Speech Criticism, the Development of Standards for Rhetorical Appraisal

By Lester Thonssen; A. Craig Baird | Go to book overview

Chapter 17
THE MEASURES OF EFFECTIVENESS

Response the Key to Oratory

"Historians," said W. E. H. Lecky, "will probably always judge men and policies by their net results, by their final consequences, and this judgment is on the whole the most sure that we can obtain. It is not, however, altogether infallible. Apart from the question of the moral character or the methods employed which a good historian should never omit from his consideration, success is not always a decisive proof of sagacity. Chance and the unexpected play a great part in human affairs . . ."1 This observation is important to the study of rhetoric. It suggests that the men who play roles. in the making of history--and this includes the orators--are judged finally by their influence upon people and events. In the eventual reckoning, men will be tested in the light of what they did. Orators will be judged by what they accomplished, either immediately or in the long run of public affairs.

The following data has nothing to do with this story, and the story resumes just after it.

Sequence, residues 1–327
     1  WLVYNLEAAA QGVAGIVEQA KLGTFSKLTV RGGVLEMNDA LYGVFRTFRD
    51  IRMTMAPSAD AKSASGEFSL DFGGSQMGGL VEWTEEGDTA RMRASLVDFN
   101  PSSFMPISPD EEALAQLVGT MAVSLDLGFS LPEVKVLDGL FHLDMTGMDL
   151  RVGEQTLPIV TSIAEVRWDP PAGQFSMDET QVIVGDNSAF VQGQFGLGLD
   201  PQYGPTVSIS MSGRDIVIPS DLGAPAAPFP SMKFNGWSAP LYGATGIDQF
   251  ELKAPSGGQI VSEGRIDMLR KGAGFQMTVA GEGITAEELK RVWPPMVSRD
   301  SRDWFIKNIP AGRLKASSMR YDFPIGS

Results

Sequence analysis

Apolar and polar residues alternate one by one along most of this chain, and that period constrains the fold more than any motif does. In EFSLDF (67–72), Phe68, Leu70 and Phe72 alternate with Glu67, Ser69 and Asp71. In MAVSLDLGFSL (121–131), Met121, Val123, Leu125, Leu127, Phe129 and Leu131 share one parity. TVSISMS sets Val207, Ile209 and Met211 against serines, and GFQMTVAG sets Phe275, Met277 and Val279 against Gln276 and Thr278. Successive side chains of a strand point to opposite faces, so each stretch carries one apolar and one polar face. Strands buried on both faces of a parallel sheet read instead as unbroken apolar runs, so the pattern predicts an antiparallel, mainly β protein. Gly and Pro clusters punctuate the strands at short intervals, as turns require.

What are the tests we apply to oratory? How measure its effectiveness? By what criteria do we call a speech successful? 2 These and related questions engage our attention in this chapter. Upon the answers rests, in last analysis, the attitude which we assume toward rhetoric as an instrument of social progress.

By its very nature, speaking is a response-getting activity. Conceived as an act of communication, it seeks to realize an end or objective agreeable to the purpose of the orator. Consequently, the speaker himself looks to response as a measure of his success; failing to secure the end he seeks, he must feel that his undertaking is incomplete, his efforts unfruitful.

It is not a simple task to trace the influence of a speaker's words upon the public mind. Influences operating upon the people at a given moment may be manifold and complexly interrelated. To establish the direct causal relation between spoken words and subsequent actions or tendencies requires not patience alone, but facility in understanding the processes of history. The superficial appreciation of a speech as an excellent piece of craftsmanship may leave the critic as

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